“Then there’s the food,” says Opinsky. “We’re sending invitations out to all of the participating brewers that do food like Glacier Brewhouse, 49th State, Moose’s Tooth, and others. They can sell food and we’ll bring in other local vendors. I want to put food in people’s stomachs; it’s not only a nice amenity, but people need to eat while enjoying great beer.”
What about the beer? I wondered if there would be any changes to the beer lineup in this legendary festival as it moves forward.
This festival directly benefits the Brewers Guild. One big change is we’re paying for their beer, unlike before. With that, I threw out some bait,” says Opinsky. “I told the Guild brewers, ‘I expect you are going to bring the good stuff this year, right?’”
Our local brewers always provide great beer, but “not that they don’t always, but maybe there will be something extra in your festival stocking this year. ‘Bring the good stuff! Especially those awesome winter beers,’ is what I told them. Regardless, we will have more and better beer,” says Opinsky.
Don’t expect major changes all the way around.
“This is a transitional year and we had very little time to react,” says Opinsky. “We’re using this to lock down the future going forward and to grow this show for another quarter of a century.”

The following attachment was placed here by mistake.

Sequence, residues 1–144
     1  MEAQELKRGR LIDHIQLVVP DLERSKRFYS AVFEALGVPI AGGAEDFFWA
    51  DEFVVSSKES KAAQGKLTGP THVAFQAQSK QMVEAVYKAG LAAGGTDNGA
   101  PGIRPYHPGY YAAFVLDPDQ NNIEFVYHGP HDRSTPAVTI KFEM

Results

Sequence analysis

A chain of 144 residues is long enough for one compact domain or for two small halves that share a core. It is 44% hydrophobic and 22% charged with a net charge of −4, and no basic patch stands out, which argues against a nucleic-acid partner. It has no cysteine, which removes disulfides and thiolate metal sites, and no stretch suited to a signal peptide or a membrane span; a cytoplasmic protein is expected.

The Barleywine and Winter Beer Contest – a very major piece of the festival – remains intact. I’ll be in chambers judging with other professional judges and will be proud to announce the best barleywine and best winter beer submitted by participating breweries at the Connoisseur’s Session on Saturday. Crow Creek Pipes and Drums will be starting the ceremonies as usual and other live music will kick things up through the three-session festival.
Of all of our state’s beer festivals, this one brings the most of our remote craft breweries under one roof at the same time and you’re likely to sample beers you just can’t get unless you travel afar to chase it down.
The annual Alaska beer festival we’ve grown to love over the years isn’t going anywhere; it’s just getting bigger and better. Step into one of the sessions and show your support for great craft beer in Alaska and the brewers that produce it.